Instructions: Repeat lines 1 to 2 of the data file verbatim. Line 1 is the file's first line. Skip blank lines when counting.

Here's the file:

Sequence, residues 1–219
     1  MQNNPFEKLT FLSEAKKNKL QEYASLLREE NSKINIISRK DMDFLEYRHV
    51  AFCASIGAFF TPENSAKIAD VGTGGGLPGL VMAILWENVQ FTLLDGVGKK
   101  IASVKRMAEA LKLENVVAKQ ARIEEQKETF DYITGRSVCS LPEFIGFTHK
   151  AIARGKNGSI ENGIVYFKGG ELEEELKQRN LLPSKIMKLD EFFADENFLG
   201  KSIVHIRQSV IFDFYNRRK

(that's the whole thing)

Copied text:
Sequence, residues 1–219
     1  MQNNPFEKLT FLSEAKKNKL QEYASLLREE NSKINIISRK DMDFLEYRHV